Clapper rail swimming

Clapper rails (known locally as marsh hens) are elusive, so seeing this one swimming in the open was a treat.

Peregrine falcon feeding on a bird

Peregrines are considered the fastest animal on the planet, flying around 65-70mph. When they go into a stoop (dive) they can attain speeds of over 200 mph!!

Does it matter?

https://www.thestate.com/news/state/south-carolina/article257214377.html

When I worked at DNR as a biologist, there was a research program on the sustainability of a horseshoe crab harvest for the medical industry. It was determined that if the horseshoe crabs were returned to their spawning area within 24 hours, they would continue to nest. The crabs were tagged so if they died, they could be identified as being part of the harvest. Fast forward to today where the spawning horseshoe crabs can be kept indefinitely- it’s a no brainer that removal of a long-lived, spawning animal isn’t sustainable. No eggs-no next generation. After crashing the population in Cape Romain, Charles River Labs wants to expand harvest to the ACE Basin. Why? Because they make an estimated $15,000/quart. Will this overt destruction due to greed ever stop?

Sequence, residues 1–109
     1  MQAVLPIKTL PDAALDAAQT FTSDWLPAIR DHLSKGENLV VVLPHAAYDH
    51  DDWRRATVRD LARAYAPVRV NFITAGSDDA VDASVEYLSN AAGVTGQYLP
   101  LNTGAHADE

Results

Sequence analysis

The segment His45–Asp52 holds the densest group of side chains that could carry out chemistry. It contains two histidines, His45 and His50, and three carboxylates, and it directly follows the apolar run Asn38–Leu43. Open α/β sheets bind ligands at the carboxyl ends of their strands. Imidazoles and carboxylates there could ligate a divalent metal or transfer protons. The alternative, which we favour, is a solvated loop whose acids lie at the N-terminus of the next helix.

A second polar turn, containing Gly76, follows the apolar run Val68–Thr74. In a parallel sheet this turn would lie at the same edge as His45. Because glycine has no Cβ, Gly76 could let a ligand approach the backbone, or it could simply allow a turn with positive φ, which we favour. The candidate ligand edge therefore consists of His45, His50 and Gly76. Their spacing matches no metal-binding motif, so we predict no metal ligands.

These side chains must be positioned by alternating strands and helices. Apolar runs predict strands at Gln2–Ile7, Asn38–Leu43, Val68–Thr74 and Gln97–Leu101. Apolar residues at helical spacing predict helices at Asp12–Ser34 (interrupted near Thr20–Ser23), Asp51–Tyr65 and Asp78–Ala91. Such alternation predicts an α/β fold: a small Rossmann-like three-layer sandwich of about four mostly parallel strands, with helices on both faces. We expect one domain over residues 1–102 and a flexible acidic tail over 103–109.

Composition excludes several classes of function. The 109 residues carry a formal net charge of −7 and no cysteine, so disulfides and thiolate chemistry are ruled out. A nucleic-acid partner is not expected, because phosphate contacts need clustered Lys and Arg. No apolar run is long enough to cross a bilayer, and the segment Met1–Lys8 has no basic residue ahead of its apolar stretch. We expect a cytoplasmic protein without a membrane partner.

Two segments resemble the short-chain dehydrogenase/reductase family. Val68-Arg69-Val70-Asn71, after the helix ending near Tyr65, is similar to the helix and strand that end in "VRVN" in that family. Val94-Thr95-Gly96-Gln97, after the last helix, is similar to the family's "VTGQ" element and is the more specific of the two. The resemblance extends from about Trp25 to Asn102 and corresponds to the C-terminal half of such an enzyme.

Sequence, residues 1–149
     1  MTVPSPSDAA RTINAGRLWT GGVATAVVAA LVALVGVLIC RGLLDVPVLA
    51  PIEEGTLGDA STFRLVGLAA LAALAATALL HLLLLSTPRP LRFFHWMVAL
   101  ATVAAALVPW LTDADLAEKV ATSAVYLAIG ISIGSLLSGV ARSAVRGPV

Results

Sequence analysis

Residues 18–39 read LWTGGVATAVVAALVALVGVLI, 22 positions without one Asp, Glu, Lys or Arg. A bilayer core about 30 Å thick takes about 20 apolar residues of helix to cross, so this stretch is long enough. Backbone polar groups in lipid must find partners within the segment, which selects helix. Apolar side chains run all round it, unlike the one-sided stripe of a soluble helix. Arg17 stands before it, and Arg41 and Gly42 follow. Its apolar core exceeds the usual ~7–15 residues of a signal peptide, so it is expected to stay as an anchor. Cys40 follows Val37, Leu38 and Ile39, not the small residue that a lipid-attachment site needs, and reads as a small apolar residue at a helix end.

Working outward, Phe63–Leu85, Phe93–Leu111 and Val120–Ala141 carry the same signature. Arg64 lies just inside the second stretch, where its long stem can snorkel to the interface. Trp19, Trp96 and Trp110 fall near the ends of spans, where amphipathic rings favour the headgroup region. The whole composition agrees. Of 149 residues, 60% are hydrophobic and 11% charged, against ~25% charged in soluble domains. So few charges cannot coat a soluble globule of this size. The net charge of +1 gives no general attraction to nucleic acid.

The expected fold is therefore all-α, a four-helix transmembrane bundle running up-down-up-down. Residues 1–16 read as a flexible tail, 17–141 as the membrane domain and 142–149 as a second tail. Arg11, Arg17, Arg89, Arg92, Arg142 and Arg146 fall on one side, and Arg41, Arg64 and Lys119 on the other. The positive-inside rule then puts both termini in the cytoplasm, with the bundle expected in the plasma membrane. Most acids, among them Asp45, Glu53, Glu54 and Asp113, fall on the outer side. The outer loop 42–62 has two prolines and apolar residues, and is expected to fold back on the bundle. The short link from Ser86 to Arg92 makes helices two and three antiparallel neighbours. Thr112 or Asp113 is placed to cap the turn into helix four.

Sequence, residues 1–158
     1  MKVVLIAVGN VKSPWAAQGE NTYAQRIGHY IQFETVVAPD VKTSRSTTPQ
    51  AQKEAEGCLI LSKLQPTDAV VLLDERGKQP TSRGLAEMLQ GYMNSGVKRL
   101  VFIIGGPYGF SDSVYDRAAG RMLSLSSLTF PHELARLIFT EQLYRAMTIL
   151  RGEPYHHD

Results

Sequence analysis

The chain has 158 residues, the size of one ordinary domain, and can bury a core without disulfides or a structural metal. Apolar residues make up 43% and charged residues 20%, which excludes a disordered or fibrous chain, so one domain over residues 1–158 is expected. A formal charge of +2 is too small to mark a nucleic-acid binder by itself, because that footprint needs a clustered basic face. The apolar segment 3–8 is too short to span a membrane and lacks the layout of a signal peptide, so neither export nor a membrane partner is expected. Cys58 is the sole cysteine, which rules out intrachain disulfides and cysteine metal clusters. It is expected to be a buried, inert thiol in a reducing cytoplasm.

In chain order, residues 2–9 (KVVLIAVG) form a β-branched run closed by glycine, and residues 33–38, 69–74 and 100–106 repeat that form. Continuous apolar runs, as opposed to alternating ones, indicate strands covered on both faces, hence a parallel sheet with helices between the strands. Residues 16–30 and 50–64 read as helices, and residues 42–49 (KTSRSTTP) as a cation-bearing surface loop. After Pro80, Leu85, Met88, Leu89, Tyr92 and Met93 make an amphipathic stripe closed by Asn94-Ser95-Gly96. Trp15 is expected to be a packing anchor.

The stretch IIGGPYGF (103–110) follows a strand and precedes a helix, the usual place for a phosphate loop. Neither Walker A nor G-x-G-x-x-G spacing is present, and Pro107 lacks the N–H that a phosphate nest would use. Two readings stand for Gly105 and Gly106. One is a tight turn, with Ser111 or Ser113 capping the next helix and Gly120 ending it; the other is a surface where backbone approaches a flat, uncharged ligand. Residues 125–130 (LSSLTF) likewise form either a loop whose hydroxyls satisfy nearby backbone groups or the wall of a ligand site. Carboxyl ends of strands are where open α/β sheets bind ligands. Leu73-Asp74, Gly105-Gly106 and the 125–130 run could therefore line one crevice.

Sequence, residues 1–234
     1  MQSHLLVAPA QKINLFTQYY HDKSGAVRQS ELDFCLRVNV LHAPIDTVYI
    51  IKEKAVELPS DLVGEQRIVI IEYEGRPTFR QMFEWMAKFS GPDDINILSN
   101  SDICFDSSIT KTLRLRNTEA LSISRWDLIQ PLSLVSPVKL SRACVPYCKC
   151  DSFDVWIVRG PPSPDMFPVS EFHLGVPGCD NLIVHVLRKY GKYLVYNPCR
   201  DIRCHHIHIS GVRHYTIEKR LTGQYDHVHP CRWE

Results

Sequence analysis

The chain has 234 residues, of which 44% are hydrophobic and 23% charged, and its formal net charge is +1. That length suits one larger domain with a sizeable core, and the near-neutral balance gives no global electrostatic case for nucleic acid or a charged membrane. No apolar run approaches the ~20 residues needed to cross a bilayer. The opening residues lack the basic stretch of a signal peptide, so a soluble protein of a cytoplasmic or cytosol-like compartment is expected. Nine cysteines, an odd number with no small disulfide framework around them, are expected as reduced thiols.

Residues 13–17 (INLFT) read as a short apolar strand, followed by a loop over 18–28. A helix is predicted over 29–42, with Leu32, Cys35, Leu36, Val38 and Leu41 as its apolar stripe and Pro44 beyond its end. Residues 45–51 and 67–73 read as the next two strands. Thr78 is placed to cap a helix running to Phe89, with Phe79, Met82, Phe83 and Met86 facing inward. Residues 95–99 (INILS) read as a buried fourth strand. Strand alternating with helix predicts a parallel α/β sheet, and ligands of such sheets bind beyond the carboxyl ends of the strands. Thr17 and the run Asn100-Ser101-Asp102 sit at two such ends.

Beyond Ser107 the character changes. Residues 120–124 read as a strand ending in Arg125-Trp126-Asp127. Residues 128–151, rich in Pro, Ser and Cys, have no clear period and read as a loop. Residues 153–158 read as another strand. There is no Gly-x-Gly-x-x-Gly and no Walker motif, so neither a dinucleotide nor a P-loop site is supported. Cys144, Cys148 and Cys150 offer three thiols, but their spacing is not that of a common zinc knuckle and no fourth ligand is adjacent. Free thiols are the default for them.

Uncovered salt marsh

While it may look like a beach, the amount of shells indicates this is an old salt marsh that was covered by blowing sand from a retreating barrier island. The animals in the marsh, like oysters, clams and whelks were killed by the sedimentation and are now being uncovered as the island continues to retreat toward the mainland. Interlude Beach, SC in between Townsend and Frampton Inlets.

Coquina tabby

In the foreground is a large piece of coquina tabby. Tabby is a concrete-like substance that forms with the proper mix of shells, water, sand and lime- the knowledge came from West Africa with enslaved people. A hurricane in the late 1800’s wiped out the structures on Edingsville Beach and pieces of them still turn up on the beach.